When music orders poetry, analysis adds something to, does not explain away, the experience of the poem. But in these poems:
- quotation only is nomadic;
- rhyme is tonally out of focus;
- cadence is forgettable;
- etymological analysis changes nothing;
- line breaks are unobtrusive;
- narrative does not develop;
- diction seems settled;
- expression is undermined;
analysis adds nothing,
The poem’s music is a “non-thing”, grotesque1, and the reader suppresses the experience, the non-thing, so making it “taboo”2, when they analyse the poem. I think that means that the music is also sublime.
The reader may ignore poetic analysis and reasons4 – the need for radical art to begin again, that is too large for form5 – and consider it a “debased grotesque”5, unpack the poem’s meaning as something separate from the its experience, creating some kitsch paraphrase. Or they may try to think the taboo music with “the entire energy of the soul”6, when what was grotesque becomes “sublime”6, a cant in excess of its translation by the reader.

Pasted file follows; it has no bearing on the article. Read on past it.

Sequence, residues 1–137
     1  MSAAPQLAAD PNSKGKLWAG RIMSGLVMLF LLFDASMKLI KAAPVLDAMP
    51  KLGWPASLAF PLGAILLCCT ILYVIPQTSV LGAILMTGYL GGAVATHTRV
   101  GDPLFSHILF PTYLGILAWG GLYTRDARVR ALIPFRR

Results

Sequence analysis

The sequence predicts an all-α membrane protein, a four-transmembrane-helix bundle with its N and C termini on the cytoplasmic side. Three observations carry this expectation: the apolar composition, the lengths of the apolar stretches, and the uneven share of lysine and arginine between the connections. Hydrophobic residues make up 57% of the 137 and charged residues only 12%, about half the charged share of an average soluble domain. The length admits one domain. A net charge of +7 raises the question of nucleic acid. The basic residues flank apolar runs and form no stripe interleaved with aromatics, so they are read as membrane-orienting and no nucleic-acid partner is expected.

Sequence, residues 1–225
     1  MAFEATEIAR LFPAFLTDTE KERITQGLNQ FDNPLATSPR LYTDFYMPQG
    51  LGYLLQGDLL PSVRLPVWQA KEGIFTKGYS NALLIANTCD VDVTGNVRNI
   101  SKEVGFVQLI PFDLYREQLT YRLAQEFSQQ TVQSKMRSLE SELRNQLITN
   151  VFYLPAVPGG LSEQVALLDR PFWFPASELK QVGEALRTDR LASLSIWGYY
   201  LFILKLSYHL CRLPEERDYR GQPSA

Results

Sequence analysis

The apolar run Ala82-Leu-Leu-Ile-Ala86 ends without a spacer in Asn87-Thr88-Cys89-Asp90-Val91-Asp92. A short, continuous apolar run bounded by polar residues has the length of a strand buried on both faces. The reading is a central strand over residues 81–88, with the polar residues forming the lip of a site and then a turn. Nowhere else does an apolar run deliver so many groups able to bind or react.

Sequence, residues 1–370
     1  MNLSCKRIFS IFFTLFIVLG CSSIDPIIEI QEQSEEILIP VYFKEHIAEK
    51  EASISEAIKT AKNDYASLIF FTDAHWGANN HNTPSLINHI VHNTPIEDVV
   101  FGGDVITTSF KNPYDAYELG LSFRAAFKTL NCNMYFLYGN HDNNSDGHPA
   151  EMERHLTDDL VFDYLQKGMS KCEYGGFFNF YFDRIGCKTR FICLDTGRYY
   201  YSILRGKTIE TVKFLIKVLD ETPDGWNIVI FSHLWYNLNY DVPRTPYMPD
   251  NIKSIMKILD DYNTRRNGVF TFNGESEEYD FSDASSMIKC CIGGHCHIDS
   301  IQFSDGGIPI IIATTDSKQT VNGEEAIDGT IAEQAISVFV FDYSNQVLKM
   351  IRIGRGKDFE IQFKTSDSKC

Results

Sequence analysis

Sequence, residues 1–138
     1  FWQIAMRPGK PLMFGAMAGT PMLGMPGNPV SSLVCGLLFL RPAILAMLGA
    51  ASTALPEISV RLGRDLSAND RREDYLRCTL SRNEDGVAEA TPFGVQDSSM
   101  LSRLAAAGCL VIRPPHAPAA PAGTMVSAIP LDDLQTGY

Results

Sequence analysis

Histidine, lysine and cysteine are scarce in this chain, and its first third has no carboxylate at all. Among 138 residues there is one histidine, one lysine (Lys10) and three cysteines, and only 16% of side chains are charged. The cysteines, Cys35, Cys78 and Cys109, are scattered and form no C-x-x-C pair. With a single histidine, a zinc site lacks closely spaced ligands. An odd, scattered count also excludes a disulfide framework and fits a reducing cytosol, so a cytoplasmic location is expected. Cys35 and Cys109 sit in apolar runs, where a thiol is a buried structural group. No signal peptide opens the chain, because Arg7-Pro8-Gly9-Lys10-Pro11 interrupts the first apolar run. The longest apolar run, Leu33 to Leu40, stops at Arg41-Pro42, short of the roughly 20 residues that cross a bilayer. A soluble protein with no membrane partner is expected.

When the text is properly thought through, as something that cannot be paraphrased or fully understood, that experience, reading the words as if they were music, which is no longer a grotesque non-thing, is sublimely meaningful, so combines projective objective and language poetics, is an envisionment of the poem as radical art, something more than that meaning and those poetics.
Which reminds me of my first attempt at reading Prynne, not here due to interpretational difficulty and hermetic items,